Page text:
Barbara Hannigan interview

Soprano Barbara Hannigan tells Time Out about loving modern music

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Marco Borggreve

There are singers who push themselves to the limit and then there is Barbara Hannigan. The Canadian soprano has not only stormed the world of modern classical music by breezing through extremely difficult scores, but she also acts and conducts… sometimes at the same time. Check out on YouTube her performance as the dominatrix police chief in Ligeti’s ‘Mysteries of the Macabre’ – it’s an extraordinary piece of multitasking, which she modestly shrugs off. ‘I thought I would start off with something simple,’ she giggles.

The conducting has been a recent advance and, never doing things by halves, last month she conducted Sir Simon Rattle as he narrated William Walton’s ‘Façade’ with players from the Berlin Philharmonic. ‘That was pretty fun,’ she says. ‘It was his idea. What I loved was that for him the big risk was to do the speaking. He was really nervous, but did a fantastic job. For me, the risk was: “I can’t believe you asked me to conduct players from the Berlin Phil while standing beside you.”’


A champion of contemporary music, she has had nearly a hundred works written for her – notably by Irish composer Gerald Barry, in whose wacky opera ‘The Importance of Being Earnest’ she appeared last year, and George Benjamin’s ‘Written on Skin’, in which she stars at the Royal Opera House in March. So if she had to pick between old and new music, the answer is never in doubt. ‘If I had to choose just one century, I would choose the twentieth century,’ she says, ‘because I understand it and I think there aren’t so many people that love it as passionately as I do.’


It is, therefore, no surprise that she has been invited to sing at the Southbank’s ‘The Rest is Noise’ festival, a year-long celebration of twentieth-century classical, set in the context of historical events, as an homage to the similarly titled book by Alex Ross. Her three appearances will see her first singing songs by Second Viennese School composers (Schoenberg, Berg and Alma Mahler), before conducting Stravinsky’s comic chamber opera ‘Renard’, and finally returning in April to join the London Philharmonic for Berg’s ‘Lulu Suite’. It is a role in which she recently starred in Brussels, giving what critics have described as a definitive performance. Dominating the stage in just her underwear, for much of the time she moved on pointe like a fetishised ballerina. ‘I took more than a year to learn the part,’ she explains, ‘but when it was over I felt that I had been preparing my whole life – not only as a musician, but as a human being.’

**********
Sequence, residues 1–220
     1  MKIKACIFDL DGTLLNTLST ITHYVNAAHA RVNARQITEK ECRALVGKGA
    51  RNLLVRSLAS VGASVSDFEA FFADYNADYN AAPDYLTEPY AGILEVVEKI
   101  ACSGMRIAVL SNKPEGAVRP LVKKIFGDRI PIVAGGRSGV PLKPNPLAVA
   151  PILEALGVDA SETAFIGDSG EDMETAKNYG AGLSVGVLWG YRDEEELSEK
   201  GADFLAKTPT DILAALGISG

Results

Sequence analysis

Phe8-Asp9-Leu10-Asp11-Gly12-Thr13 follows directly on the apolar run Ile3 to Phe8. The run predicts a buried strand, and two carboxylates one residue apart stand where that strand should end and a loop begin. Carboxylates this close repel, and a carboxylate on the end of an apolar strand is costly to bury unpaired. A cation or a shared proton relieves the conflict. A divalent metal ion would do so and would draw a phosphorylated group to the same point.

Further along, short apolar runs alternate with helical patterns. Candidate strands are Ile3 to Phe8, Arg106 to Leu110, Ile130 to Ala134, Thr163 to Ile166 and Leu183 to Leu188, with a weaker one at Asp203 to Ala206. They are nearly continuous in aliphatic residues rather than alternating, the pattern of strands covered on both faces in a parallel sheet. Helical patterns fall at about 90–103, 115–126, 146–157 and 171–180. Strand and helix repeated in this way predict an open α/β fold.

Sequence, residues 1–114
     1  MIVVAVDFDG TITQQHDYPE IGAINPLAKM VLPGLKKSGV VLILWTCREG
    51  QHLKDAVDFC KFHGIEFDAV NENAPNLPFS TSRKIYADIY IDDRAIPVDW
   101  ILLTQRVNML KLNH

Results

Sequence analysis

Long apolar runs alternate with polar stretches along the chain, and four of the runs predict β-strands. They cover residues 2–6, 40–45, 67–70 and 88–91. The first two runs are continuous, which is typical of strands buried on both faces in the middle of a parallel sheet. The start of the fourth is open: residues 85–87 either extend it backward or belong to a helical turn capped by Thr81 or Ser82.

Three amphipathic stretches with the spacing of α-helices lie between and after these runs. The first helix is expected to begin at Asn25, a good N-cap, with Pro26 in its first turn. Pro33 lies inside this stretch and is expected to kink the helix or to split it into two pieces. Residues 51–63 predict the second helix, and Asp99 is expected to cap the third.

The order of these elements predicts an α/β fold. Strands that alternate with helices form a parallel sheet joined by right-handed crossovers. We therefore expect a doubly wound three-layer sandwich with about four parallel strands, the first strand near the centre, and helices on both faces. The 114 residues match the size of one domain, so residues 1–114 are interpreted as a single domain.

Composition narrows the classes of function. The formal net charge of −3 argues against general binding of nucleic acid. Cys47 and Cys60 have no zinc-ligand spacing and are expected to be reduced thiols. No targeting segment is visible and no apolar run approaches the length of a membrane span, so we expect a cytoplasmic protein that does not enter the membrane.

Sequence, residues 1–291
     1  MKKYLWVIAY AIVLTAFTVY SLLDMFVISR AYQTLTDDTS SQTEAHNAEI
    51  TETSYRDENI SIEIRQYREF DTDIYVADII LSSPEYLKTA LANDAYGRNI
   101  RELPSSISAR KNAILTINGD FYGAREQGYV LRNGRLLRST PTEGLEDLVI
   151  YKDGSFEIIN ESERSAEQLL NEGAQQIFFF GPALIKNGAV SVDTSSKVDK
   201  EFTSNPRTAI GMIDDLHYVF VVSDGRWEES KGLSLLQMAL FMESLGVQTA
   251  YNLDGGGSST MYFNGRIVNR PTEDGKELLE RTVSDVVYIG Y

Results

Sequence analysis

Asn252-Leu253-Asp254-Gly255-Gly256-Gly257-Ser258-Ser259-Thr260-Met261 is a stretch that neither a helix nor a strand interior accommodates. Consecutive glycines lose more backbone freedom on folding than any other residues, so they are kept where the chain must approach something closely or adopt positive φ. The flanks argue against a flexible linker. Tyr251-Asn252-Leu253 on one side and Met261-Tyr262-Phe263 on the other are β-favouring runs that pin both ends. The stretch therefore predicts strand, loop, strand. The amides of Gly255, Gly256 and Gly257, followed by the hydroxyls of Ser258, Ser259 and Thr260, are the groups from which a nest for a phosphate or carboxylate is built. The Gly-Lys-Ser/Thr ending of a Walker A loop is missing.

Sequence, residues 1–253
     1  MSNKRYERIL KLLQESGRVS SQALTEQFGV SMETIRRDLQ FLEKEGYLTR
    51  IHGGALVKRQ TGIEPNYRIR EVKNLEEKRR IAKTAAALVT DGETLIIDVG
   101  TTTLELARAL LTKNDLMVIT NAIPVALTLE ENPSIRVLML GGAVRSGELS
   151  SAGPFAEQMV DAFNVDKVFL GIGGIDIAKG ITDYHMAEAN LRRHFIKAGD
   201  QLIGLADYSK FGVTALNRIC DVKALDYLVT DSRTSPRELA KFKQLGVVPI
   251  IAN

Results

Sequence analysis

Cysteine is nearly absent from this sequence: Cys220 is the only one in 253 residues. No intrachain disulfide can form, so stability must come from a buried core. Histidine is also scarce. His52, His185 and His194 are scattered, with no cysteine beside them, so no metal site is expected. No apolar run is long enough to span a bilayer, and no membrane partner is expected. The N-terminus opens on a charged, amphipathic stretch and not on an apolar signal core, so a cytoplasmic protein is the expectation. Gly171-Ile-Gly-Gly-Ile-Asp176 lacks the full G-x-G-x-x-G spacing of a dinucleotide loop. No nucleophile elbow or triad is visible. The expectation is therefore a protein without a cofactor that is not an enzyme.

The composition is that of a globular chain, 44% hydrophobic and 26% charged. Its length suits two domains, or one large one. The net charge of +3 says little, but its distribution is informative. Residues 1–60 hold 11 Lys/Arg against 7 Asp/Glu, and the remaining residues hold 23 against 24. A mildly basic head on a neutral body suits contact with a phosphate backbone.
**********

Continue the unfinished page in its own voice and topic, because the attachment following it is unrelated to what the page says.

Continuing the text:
Hannigan was clearly born to perform such modern music. The lithe, attractive soprano, born in 1971 in ‘a really small village’ in Nova Scotia, has been ambitious right from the get-go. She even commissioned a song cycle for her high school graduation recital, making her professional premiere at 19 years old after attending a ‘Fame’-style academy and then music college in Toronto. She is now booked until 2016.


Her appearances at the Southbank begin on Thursday when she sings one of the most significant works of the twentieth century, Arnold Schoenberg’s Second String Quartet (1908). Halfway through the piece, with tonality stretched to breaking point, Schoenberg steps out into space – the music ceases to be in any particular key. ‘I feel air from other planets,’ sings the soprano. The Western classical tradition of tonality is turned on its head. ‘It is one of the most emotional pieces of the early twentieth century,’ says Hannigan. ‘The text is about departing from this world, as if going to another planet and departing from harmony. Considering he wrote this in one of the most intense, trying times of his life – his wife had left him for the painter Richard Gerstl. He could barely see a reason to live. He finished the quartet in just two weeks and then she returned to him and he dedicated the quartet to her. The painter killed himself and life goes on. And that string quartet for me is the text – that is the emotional drive of the piece.’


Does she feel that her vocal entry in the quartet is the arrival of modernism? ‘Yes. It is like an arrival and a departure,’ she says. ‘It is saying the new world has arrived and we are departing from harmony now. I really feel like my feet are leaving the ground, and you can see them dangling as the gravity changes.’



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